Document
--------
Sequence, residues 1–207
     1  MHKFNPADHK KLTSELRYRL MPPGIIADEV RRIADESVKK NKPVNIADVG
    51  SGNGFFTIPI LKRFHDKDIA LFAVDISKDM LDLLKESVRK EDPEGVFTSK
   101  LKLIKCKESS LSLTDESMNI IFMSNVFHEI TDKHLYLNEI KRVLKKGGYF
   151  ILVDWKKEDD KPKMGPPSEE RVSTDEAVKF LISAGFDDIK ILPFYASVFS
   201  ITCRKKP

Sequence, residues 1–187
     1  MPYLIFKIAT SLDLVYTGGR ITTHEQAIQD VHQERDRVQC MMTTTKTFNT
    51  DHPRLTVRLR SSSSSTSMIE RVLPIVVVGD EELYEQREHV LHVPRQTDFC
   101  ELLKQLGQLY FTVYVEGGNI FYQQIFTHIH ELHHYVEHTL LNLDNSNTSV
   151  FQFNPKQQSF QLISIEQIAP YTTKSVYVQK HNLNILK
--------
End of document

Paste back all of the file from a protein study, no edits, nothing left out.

Sequence, residues 1–207
     1  MHKFNPADHK KLTSELRYRL MPPGIIADEV RRIADESVKK NKPVNIADVG
    51  SGNGFFTIPI LKRFHDKDIA LFAVDISKDM LDLLKESVRK EDPEGVFTSK
   101  LKLIKCKESS LSLTDESMNI IFMSNVFHEI TDKHLYLNEI KRVLKKGGYF
   151  ILVDWKKEDD KPKMGPPSEE RVSTDEAVKF LISAGFDDIK ILPFYASVFS
   201  ITCRKKP

Sequence, residues 1–187
     1  MPYLIFKIAT SLDLVYTGGR ITTHEQAIQD VHQERDRVQC MMTTTKTFNT
    51  DHPRLTVRLR SSSSSTSMIE RVLPIVVVGD EELYEQREHV LHVPRQTDFC
   101  ELLKQLGQLY FTVYVEGGNI FYQQIFTHIH ELHHYVEHTL LNLDNSNTSV
   151  FQFNPKQQSF QLISIEQIAP YTTKSVYVQK HNLNILK